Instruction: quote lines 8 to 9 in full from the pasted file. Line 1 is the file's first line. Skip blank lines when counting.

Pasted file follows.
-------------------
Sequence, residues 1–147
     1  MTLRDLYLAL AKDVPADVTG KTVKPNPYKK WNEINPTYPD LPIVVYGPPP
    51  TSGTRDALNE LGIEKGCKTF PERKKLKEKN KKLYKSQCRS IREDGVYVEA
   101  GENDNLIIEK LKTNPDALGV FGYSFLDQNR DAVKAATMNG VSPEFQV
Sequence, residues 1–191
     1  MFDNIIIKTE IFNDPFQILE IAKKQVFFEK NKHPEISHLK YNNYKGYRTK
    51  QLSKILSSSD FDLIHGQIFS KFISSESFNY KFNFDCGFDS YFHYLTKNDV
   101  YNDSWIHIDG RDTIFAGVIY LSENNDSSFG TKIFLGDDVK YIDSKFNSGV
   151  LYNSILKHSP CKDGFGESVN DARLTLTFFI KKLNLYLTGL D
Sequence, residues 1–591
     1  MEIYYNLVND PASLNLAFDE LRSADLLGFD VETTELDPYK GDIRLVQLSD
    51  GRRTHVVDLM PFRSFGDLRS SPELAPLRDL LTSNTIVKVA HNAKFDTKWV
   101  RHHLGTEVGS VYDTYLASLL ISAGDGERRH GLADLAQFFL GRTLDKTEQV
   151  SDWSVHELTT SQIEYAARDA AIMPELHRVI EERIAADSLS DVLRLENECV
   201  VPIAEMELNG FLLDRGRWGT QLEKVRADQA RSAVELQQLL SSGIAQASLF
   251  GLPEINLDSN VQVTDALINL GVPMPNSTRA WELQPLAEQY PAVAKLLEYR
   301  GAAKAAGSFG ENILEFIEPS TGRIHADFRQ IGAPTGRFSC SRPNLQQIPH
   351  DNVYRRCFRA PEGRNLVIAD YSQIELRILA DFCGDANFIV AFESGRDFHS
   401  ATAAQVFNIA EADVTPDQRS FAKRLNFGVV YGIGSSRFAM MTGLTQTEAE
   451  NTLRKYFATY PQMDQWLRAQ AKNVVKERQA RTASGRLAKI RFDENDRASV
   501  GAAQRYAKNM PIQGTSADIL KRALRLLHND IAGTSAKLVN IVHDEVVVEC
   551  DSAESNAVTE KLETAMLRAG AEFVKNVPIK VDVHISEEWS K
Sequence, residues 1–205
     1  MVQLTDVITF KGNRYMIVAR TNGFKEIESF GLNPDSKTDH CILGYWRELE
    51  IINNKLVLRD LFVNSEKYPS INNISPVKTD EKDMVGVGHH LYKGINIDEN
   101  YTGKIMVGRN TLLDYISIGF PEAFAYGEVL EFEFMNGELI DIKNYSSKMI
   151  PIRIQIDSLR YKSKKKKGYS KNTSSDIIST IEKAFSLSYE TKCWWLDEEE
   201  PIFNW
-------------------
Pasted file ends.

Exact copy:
   101  YNDSWIHIDG RDTIFAGVIY LSENNDSSFG TKIFLGDDVK YIDSKFNSGV
   151  LYNSILKHSP CKDGFGESVN DARLTLTFFI KKLNLYLTGL D